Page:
I’m so honored to be hosting the April 2016 Nonprofit Blog Carnival. When announcing April’s carnival theme in my April 4th Call for Submissions post, I was excited to see how the non-profit blogosphere would respond to this question: “If you could go back in time and give your younger-fundraising-self one piece of advice, what would it be?”
I have made many mistakes over the last 20+ years of fundraising and non-profit management, and I love to share those teachable moments with younger professionals. However, the idea of learning from some of our sector’s greatest non-profit thinkers was fun and thrilling.
I challenged my fellow bloggers to incorporate time travel movie references into their posts. Having read all of the submissions, I think you won’t be disappointed. Not only did bloggers serve up some amazing advice, but in some cases bloggers included fun references to movies such as Back to the Future, Groundhog Day, The Rocky Horror Picture Show, Howard the Duck, and much more.
I hope you enjoy this month’s virtual carnival rides and the sweet and savory posts chock-full of advice and tips!
Joe Garecht at The Fundraising Authority blog reached out to some of the non-profit sector’s best consultants, speakers and authors and asked them to answer this month’s carnival question in his post If Famous Fundraisers Had to Start All Over Again… What They Wish they Had Known… Very entrepreneurial, Joe! 😉
I am never disappointed by what Jeff Brooks writes over at Future Fundraising Now, which is why I was so honored when he wrote something for this month’s carnival. As a young fundraiser, Jeff was prone to extreme fundraising approaches. If he could go back and advise himself, he’d tell that young extremist that moderation is a lot smarter. (Note: I think Jeff is being too hard on himself when he refers to his present-day-self as “a gray-haired, middle-aged codger.”) Click here to read his non-codger advice.
“It’s about sticking with what you know is right,” explains Claire Axelrad in her Clairification post titled The Meaning of Philanthropy, Not Fundraising – Part 1. And she always knew that she couldn’t take sole credit for money that was raised under her watch. But she wishes she had known how important it is to actively give others credit. While her younger-self understood this to a degree, she didn’t to the extent that she does today. It’s so important in fundraising to come from a place of love. Because, in essence, that’s what philanthropy means.
I had no idea that Ignited Fundraising blog’s Lori Jacobwith had worked on a U.S. Senate campaign back in the 1980s. In her post Don’t Make My Fundraising Mistakes, Make New Ones, she would tell her younger-fundraising-self that if she’s counting on people, especially volunteers (and anyone who is NOT a fundraising professional is a volunteer!) to support her work in ANY way. . . she needs to treat them like her favorite and most special donors or customers.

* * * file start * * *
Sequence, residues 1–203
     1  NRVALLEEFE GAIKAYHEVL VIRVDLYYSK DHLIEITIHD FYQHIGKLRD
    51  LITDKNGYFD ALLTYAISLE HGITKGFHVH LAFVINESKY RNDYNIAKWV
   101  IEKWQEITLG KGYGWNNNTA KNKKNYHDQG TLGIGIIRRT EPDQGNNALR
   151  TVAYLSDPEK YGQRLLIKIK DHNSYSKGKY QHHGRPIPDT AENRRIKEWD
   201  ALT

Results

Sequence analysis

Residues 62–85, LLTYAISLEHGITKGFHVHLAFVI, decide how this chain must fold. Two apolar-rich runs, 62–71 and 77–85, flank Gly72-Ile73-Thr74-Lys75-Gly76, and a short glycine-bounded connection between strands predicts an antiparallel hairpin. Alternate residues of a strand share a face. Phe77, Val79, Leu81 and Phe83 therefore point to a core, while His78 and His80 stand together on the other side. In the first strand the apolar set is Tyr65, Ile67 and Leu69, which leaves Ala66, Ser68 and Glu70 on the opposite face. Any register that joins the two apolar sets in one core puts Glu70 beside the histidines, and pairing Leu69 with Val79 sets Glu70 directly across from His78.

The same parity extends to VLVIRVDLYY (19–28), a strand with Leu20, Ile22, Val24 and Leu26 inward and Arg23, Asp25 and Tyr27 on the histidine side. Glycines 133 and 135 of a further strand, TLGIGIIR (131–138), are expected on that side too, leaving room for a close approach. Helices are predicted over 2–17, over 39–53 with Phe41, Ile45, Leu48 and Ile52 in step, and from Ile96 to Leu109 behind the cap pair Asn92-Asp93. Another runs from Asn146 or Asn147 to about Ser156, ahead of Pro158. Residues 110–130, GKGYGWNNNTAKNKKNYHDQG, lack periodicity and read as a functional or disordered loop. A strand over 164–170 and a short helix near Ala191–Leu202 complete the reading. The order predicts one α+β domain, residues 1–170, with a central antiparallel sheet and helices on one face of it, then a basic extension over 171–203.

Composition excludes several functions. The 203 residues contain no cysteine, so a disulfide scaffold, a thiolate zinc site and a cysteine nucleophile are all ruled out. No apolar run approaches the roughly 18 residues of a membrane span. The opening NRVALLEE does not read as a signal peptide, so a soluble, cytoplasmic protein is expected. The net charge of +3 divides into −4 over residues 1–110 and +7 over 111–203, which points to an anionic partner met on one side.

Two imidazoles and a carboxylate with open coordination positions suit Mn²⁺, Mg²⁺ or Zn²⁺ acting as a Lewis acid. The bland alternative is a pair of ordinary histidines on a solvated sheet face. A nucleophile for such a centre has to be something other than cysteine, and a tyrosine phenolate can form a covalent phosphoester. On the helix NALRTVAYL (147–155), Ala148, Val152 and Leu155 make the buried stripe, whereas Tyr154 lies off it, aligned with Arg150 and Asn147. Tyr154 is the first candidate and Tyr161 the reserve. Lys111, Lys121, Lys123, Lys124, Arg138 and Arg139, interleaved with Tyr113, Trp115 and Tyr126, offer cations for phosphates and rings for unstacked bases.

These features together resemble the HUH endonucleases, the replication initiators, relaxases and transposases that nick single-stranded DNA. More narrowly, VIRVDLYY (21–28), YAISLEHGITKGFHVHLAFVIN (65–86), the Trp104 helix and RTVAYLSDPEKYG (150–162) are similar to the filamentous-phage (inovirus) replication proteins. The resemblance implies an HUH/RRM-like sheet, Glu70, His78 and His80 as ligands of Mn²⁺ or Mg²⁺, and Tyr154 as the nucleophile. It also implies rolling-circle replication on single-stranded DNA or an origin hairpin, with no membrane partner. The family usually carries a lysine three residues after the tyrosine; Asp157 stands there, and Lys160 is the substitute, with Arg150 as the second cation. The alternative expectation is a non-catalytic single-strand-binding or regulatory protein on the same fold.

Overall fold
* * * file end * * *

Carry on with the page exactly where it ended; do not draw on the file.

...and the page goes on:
I love the fact that Bill Murray makes a cameo appearance in this month’s Nonprofit Blog Carnival thanks to Empower Nonprofits‘ Jeremy Koch. Jeremy will tell you everything Bill Murray taught him about how to free yourself from the fundraising time loop and improve your fundraising. Keep Calm and Chive On, Jeremy!
My longtime and dear friend, Dani Robbins over at Non Profit Evolution, went into overdrive this month and submitted two posts with tons of advice. In her first submission, she shares EIGHT Teachable Moments that she wishes someone had given her when she was younger. She adds another 23 things she learned along the way in her post Reflecting on my Pursuit of Social Justice. Simply amazing . . . Thanks for sharing, Dani!
Mary Cahalane at Hands On Fundraising blog won me over by referencing one of my favorite movies — Working Girl — as she talked about her fundraising career path. She wonders how things might have been different “if only . . .” While everyone will benefit from reading To my younger fundraising self – and maybe you, new fundraising professionals are simply going to LOVE this post!!!
Seth Rosen’s post over at Joan Garry Consulting‘s blog complements the previous submission regarding the keys to building a fundraising career for those just starting out in the field. If you are new to fundraising, you’ll want to read Fundraising Career Advice: What I Wish I Knew Then.
In Zach Hagopian’s first fundraising event that he hosted with his co-founder in 2014, they learned a valuable lesson: “To leave limitations behind and think bigger / outside the box.” Event coordinators won’t want to miss out on reading Accelevents’ Back to the (Fundraising) Future.
Of all the non-profit consultants I know, Pamela Grow has an inspirational journey line stories to share. I simply love how she tells the story about what happened when the board hired a new executive director for her organization. I won’t give away the surprise, but I guarantee you will love the advice she dispenses to her younger-self!
- Advice to my younger-fundraising-self about email usage
- Advice to my younger-fundraising-self about delegation and collaboration
- Advice to my younger-fundraising-self about about direct mail
- Advice to my younger-fundraising-self about event management
- Advice to my younger-fundraising-self about phone-a-thons
Craig Linton at Fundraising Detective blog will host the May 2016 Nonprofit Blog Carnival. The theme will be “Leadership in Fundraising: the best or worst boss you ever had. What did you learn? How was the experience? Tips for others.” Click here for more details and how to submit your blog entry for consideration.
As I say at the end of all my blog posts . . .
Here’s to your health! (and try not to eat too much cotton candy at this month’s carnival)
Founder & President, The Healthy Non-Profit LLC